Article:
The “strength” of a trademark relates to how likely a mark is to be remembered and associated in the public’s mind with the mark owner. The stronger a trademark, the greater protection it is accorded by trademark law. Conceptual Strength Conceptual trademark strength refers to the level of inherent distinctiveness of a mark. A mark can be inherently distinctive. (Alternatively, a mark may acquire distinctiveness through extensive and continuous use in the market.) During examination of a new application, the United States Patent and Trademark Office assess the conceptual strength of an applied-for mark to determine whether the mark is registrable. Being limited to the four corners of the application, the Office cannot consider commercial strength, unless the evidence is being presented in connection with a claim of secondary meaning. There are 3 types of inherently distinctive marks, discussed below in order of descending conceptual strength: – Fanciful marks are not actual words, but made-up terms, like ACCENTURE for consulting, EXXON for energy products, STARBUCKS for coffee, PINTEREST for social networking, and LEAFLY for cannabis news source and directory. Fanciful marks are the strongest type of mark because the commercial meaning is solely derived from the use by the trademark owner. – Arbitrary marks are real words, but words that have no literal, or even a suggestive, meaning in connection with the product. Examples include LEAPFROG for educational games, APPLE for computer products, AXE for men’s toiletries, JACK IN THE BOX for fast food, DAWN for cleaning products, and VOLCANO for a vaporizer. – Suggestive marks allude to and only indirectly relate to the product. Examples of suggestive marks...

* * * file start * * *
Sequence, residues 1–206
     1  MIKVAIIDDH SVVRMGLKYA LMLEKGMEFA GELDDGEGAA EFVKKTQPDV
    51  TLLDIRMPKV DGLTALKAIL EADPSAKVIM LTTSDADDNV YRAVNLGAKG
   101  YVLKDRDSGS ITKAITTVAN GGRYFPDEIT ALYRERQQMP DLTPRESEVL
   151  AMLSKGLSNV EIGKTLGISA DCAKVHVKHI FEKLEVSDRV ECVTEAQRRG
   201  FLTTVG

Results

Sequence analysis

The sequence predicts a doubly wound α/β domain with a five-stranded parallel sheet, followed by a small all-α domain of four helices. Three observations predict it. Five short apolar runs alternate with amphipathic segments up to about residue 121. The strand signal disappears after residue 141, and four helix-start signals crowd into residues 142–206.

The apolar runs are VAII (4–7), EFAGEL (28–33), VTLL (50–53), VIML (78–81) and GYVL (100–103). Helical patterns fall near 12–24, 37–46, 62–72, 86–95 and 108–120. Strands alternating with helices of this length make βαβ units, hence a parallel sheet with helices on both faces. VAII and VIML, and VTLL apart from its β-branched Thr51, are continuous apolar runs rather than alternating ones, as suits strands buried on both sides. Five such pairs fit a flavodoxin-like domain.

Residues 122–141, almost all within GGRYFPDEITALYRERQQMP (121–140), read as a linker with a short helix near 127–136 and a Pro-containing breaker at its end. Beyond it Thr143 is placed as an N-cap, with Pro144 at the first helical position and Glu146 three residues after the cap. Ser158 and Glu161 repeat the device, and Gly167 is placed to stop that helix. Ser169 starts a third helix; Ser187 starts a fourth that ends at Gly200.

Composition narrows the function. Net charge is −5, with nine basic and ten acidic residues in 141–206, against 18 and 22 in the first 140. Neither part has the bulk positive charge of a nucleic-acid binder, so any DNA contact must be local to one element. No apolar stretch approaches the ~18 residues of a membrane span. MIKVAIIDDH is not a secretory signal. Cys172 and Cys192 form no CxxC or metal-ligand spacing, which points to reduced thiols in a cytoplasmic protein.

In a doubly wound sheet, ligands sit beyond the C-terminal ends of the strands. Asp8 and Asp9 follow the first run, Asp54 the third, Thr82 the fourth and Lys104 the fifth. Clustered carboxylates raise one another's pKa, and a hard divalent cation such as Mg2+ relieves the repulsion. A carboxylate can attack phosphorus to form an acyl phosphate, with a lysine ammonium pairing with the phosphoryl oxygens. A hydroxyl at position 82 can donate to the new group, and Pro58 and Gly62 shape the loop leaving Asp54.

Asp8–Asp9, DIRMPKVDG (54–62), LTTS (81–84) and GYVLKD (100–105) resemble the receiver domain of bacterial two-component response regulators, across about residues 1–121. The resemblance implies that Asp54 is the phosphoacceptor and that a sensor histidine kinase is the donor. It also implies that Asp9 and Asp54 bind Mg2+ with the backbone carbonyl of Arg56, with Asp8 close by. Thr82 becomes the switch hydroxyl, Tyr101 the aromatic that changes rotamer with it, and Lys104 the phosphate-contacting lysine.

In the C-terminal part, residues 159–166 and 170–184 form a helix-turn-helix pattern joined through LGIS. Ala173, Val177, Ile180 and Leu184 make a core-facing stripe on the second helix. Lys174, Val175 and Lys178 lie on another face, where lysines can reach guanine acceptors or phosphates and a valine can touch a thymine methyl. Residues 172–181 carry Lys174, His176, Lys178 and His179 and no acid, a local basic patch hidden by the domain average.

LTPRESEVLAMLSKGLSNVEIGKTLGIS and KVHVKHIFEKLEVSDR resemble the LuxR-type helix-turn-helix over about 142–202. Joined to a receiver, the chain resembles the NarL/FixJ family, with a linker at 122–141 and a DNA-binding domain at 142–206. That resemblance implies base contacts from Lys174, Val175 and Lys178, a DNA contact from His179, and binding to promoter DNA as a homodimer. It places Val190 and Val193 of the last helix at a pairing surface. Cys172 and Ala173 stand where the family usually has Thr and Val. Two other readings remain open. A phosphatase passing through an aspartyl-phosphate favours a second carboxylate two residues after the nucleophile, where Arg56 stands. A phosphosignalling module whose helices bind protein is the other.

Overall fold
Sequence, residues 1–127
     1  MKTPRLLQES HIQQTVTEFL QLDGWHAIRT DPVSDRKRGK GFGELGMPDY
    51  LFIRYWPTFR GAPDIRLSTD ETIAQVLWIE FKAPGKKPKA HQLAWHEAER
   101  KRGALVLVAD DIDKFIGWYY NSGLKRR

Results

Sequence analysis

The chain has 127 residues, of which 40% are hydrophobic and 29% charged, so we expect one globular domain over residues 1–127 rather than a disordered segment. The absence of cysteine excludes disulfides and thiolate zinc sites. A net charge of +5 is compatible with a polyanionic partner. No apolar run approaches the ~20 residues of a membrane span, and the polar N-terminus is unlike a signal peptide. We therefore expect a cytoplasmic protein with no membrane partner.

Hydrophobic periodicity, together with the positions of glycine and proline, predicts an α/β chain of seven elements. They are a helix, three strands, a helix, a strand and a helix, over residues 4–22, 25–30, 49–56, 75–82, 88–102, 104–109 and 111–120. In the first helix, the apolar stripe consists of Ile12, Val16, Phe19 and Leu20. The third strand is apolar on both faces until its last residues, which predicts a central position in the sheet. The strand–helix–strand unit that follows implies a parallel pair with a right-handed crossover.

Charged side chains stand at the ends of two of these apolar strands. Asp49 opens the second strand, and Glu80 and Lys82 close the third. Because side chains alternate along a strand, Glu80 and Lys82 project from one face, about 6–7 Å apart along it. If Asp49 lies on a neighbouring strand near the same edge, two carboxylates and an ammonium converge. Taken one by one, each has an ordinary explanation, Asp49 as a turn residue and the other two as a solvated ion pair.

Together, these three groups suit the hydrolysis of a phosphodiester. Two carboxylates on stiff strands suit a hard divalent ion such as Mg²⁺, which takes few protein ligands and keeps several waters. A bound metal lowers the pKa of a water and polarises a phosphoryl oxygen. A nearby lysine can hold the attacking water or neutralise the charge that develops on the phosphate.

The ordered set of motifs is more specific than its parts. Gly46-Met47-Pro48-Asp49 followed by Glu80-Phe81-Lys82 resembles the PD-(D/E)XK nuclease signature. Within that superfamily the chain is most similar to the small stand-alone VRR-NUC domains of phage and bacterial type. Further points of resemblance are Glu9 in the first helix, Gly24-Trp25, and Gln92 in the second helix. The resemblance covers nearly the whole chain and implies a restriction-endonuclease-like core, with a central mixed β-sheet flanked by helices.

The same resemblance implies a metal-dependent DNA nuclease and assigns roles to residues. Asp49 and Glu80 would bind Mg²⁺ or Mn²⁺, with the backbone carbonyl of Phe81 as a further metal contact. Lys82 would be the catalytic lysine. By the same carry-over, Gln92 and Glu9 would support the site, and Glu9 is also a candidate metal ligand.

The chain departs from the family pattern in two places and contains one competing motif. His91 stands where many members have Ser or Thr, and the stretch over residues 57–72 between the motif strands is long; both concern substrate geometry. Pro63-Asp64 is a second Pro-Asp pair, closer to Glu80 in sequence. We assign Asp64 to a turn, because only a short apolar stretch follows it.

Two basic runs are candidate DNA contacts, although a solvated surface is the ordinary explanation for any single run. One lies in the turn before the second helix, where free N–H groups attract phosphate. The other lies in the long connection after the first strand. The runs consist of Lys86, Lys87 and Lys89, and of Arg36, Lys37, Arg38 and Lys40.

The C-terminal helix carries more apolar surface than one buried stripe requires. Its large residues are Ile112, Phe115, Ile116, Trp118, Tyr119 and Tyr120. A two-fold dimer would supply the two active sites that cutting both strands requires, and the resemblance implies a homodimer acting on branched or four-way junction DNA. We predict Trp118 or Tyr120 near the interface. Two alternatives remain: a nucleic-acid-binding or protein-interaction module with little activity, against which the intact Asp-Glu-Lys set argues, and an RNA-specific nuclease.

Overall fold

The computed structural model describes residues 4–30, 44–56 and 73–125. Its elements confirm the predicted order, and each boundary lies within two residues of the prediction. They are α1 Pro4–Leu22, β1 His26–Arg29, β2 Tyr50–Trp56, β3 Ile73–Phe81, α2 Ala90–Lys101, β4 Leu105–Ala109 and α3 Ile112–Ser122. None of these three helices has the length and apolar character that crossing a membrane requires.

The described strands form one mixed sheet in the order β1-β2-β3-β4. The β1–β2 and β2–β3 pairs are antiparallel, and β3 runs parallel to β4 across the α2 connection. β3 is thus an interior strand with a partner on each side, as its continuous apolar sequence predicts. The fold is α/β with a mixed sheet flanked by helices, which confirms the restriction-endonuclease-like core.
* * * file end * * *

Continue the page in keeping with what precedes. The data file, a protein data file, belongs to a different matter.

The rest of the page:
Principal vs. Supplemental Trademark Register